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Boss: We Need To Talk

Lewis Wallace, an openly transgender man working in public media, says he was fired from his radio job at Marketplace after he re-posted an essay on his personal Medium account that his boss had initially directed him to take down. The title of the essay: “Objectivity is dead and I’m ok with it.”

It was an attempt to reconcile what Wallace understands to be the fundamental duty of journalism, while trying to, in his view, “adapt to a government that believes in ‘alternative facts’ and thrives on lies, including the lie of white racial superiority.”

Wallace claims he was told that the post violated his employer’s ethics code. Marketplace issued a statement to Harvard’s NiemanLab saying that it would not discuss personnel-related matters, but that “our journalists’ mission is to be honest, impartial, nonpartisan and independent in their work. Our team is a diverse group of professionals who have committed to that code of ethics.”

Wallace’s post is worth a read, and not just because it allegedly cost him his job. An excerpt:

Neutrality isn’t real: Neutrality is impossible for me, and you should admit that it is for you, too. As a member of a marginalized community (I am transgender), I’ve never had the opportunity to pretend I can be “neutral.” After years of silence/denial about our existence, the media has finally picked up trans stories, but the nature of the debate is over whether or not we should be allowed to live and participate in society, use public facilities and expect not to be harassed, fired or even killed.

Obviously, I can’t be neutral or centrist in a debate over my own humanity. The idea that I don’t have a right to exist is not an opinion, it is a falsehood.

On that note, can people of color be expected to give credence to “both sides” of a dispute with a white supremacist, a person who holds unscientific and morally reprehensible views on the very nature of being human? Should any of us do that? Final note here, the “center” that is viewed as neutral can and does shift; studying the history of journalism is a great help in understanding how centrism is more a marketing tactic to reach broad audiences than actual neutrality.

There’s a lot to unpack in his essay, but at the heart of his argument is an important distinction between accusing someone of believing the lie of white supremacy, and of enabling the lie in order to benefit from it. This is the core mistake that people continue to make he says, part of the reason why he was so wanted have the conversation publicly.

“Do I want to weigh in on whether or Donald Trump personally feels racism or white supremacy in his heart? No,” said Wallace, in a lengthy interview with Current, a news outlet that covers public media. “Do I consider white supremacy to be a false framework that we should reject as scientifically false and dangerous to all of us? Yes.”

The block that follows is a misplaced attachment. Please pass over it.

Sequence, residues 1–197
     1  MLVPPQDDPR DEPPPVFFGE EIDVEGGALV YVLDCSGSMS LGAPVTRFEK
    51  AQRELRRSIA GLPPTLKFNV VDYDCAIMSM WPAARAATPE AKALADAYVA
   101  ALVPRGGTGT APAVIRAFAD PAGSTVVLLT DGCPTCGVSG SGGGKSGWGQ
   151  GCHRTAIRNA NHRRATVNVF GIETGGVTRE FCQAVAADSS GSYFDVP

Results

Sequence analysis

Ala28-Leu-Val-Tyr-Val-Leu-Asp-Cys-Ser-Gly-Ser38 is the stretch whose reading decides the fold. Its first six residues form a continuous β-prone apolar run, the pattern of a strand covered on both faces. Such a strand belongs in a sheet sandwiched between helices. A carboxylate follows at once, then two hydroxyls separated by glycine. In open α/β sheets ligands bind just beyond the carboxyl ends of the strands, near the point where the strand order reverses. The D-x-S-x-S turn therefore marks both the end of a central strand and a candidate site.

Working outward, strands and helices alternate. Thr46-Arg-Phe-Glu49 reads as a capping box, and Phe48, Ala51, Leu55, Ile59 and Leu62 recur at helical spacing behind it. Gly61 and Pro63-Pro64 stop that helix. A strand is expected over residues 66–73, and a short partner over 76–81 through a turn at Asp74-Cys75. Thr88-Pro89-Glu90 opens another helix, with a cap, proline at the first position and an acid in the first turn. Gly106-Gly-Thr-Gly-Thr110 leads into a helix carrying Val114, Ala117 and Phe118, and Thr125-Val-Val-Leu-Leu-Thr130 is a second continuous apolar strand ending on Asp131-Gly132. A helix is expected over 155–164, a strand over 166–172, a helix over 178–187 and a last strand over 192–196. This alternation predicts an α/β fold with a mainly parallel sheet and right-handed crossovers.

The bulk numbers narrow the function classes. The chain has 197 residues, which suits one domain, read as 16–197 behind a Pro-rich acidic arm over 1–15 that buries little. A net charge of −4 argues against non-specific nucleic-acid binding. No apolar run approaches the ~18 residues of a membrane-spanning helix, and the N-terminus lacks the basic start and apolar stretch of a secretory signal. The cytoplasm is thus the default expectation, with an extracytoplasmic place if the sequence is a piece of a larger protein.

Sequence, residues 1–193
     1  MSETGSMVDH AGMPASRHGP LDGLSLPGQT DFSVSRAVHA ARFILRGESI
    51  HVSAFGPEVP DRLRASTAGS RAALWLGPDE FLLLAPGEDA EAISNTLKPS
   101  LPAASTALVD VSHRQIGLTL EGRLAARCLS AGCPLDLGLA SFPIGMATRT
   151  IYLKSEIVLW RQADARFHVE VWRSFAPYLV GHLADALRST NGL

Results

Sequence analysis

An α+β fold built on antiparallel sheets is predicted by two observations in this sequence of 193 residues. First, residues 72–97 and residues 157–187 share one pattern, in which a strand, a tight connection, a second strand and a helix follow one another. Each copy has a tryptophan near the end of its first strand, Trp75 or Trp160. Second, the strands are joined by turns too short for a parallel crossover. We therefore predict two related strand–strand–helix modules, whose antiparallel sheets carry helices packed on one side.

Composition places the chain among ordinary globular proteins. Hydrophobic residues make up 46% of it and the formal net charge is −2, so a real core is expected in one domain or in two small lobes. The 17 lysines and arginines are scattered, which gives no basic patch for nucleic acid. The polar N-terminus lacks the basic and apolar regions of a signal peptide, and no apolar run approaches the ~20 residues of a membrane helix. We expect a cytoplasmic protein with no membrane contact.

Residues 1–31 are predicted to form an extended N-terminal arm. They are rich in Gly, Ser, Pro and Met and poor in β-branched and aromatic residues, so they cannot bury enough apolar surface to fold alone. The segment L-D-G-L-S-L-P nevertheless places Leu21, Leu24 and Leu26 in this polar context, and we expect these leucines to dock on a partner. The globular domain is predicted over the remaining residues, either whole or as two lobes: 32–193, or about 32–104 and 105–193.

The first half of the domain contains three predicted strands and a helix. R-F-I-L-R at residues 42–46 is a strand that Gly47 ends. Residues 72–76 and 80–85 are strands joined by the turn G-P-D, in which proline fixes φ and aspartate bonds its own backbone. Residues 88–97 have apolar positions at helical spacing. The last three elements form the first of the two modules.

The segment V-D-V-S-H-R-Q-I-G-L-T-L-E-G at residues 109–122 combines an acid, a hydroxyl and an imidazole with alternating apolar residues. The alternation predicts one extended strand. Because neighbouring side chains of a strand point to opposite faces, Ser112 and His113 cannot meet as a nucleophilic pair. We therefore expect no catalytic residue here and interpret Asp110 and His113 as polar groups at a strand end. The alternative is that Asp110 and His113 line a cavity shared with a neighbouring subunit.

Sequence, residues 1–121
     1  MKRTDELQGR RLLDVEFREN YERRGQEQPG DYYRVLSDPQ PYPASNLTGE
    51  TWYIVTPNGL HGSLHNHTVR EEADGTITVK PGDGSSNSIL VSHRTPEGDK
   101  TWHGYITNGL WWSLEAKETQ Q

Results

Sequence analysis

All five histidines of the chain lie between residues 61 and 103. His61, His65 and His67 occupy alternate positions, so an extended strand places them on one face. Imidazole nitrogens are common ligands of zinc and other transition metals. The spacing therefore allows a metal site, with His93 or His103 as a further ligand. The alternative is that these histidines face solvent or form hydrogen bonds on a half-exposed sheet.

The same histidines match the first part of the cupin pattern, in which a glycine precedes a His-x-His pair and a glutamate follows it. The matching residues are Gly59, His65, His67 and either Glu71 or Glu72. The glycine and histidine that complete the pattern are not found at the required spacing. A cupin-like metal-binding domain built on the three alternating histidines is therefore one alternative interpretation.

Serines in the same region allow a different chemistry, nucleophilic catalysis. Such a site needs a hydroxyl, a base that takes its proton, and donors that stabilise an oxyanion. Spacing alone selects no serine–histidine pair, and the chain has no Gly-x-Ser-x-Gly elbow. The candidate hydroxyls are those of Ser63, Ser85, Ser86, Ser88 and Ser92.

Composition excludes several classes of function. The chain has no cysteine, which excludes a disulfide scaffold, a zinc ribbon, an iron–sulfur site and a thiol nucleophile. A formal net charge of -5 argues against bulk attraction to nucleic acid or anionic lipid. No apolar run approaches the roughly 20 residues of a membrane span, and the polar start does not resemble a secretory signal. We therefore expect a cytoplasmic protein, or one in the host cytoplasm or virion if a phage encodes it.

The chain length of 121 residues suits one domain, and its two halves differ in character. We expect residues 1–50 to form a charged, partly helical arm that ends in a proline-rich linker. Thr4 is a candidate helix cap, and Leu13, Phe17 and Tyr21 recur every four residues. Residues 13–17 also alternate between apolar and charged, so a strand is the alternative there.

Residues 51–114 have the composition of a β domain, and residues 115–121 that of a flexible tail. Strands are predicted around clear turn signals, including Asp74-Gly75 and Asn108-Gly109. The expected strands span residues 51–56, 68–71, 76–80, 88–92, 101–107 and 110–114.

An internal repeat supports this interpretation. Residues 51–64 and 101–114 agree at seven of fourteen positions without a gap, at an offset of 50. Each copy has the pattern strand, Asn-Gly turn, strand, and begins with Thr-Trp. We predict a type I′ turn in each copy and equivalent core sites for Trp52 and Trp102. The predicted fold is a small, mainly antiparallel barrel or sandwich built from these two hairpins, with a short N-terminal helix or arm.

He also observes that he’s now contributing to the epidemic of unemployment among trans people, who are unemployed at twice the rate of the population as a whole. Some 44% of working trans people are dangerously underemployed and living at or near poverty.

Regardless of your opinion on media objectivity or Wallace’s actions, we all have a stake in how journalism evolves. But this is really a story about inclusion. “I also believe that media needs to change to make space for the diverse voices it purports to desire within its ranks,” he said in a follow-up post on Medium.

Making space means finding ways to have the difficult conversations about how work actually gets done. And this is exactly what makes this story important fodder for leaders from every industry.

If you’re asking your employees or colleagues to operate within a system that makes them feel that they’re being asked to check their humanity at the door or renders them invisible, they may find a way, perhaps a public one, to bring that to your attention. If that feels like a threat, it’s going to be a bumpy ride for everyone. But if that feels like an opportunity, then not only might people thrive at work, but your market share might too.

On Point

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USA Today

An amazing new project highlights the work of black designers
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The Woke Leader

Poet Clint Smith has some thoughts about our “complicated history”
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Lyndon Johnson was both a civil rights hero and a racist
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MSNBC

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Amazon

Quote

[S]ociety has no business to permit degenerates to reproduce their kind…Any group of farmers who permitted their best stock not to breed, and let all the increase come from the worst stock would treated as fit inmates for an asylum…Some day, we will realize that the prime duty, the inescapable duty, of the good citizen of the right type, is to leave his or her blood behind him in the world; and that we have no business to permit the perpetuation of citizens of the wrong type.
—Theodore Roosevelt